Going against the current trend of parents opting to admit their children in private schools, coughing up huge donations, the residents of this tiny village took it upon themselves to get their children out of private schools and admit them in the government school.
In a move worthy of emulation in rural Telangana, residents of Gopalraopalli in Karimnagar district took the bold initiative of reviving a government school in the village which had been shut down a decade ago.
Of the 54 school going children in the village, 35 turned up at the school on the first day of its resumption on Monday in Gopalraopalli, a tiny village in Gangadhara mandal, about 25 km from Karimnagar. Impressed by the villagers’ enthusiasm, district education department officials also deployed two regular teachers and an attender on deputation basis.
SI’s move turning point
Gangadhara Sub-Inspector Pullaiah’s awareness programme organised in the village was the turning point for the parents, who used to send their children to private schools in the mandal headquarters.
Gopalraopalli primary school, which started in 1980-81, used to run with the highest strength of 190 students. However, the strength of the school gradually began reducing after parents started sending their wards to English medium schools in the nearby town of Gangadhara.
In 2009 the school shut shop due to lack of students, Satyanarayana, a villager, told Telangana Today. Per year, Rs 10,000 was required for the pay fee of a child in a private school, which would be a huge burden for parents if a family had three children, said E Kamala, mother of a student.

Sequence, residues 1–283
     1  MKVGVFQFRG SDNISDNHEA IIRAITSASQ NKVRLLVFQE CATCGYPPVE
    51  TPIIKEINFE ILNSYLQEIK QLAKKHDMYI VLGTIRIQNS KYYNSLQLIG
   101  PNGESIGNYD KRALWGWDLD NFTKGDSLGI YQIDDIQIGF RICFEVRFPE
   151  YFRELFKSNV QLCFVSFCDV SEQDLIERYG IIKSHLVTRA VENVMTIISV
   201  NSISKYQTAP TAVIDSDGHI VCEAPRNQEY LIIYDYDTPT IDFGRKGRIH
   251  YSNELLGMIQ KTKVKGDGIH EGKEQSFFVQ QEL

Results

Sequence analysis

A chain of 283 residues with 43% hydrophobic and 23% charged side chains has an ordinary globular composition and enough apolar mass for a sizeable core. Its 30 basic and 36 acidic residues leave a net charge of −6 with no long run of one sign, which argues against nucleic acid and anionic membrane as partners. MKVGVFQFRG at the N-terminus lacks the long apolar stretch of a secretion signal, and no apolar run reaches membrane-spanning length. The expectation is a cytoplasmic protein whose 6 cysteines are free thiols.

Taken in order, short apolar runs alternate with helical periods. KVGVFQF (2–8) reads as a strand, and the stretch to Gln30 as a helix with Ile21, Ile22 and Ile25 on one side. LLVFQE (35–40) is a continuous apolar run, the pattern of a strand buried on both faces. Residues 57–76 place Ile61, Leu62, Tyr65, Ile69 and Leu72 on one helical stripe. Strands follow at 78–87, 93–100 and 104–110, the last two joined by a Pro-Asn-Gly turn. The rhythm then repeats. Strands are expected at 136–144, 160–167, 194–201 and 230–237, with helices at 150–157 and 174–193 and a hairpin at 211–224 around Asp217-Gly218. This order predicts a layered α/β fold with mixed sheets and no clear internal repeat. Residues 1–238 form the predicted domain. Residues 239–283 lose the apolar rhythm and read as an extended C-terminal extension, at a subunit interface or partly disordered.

So, parents convinced themselves since everything, especially English medium education, for which the parents were sending their wards to private schools was also available in government schools.
Class IV student M Ashvini, who studied up to Class III in a private school in Gangadhara, said she was feeling happy to attend classes in her village school. Her parents used to face difficulties to pay the school fee and there was no fee here.
Another girl, P Anushka remembered that she could not understand lessons as she used to sit along with 40 members in a classroom in a private school. Unlike this, there was limited strength in the local school and they were able to interact with the teacher directly and clear their doubts, she said.
Village sarpanch Nagarapu Jyothi said that with some of the villagers coming forward to reopen the school, she visited each and every house and convinced the parents. After getting consent from parents, she approached the MEO, who promised to provide teachers and infrastructure.
A teacher, A Ravi, said the school was started in an old building by re-painting it, but the condition of the building was not good. More importantly, there were no toilets and there was a need to provide toilet facility.
Courtesy: Telangana Today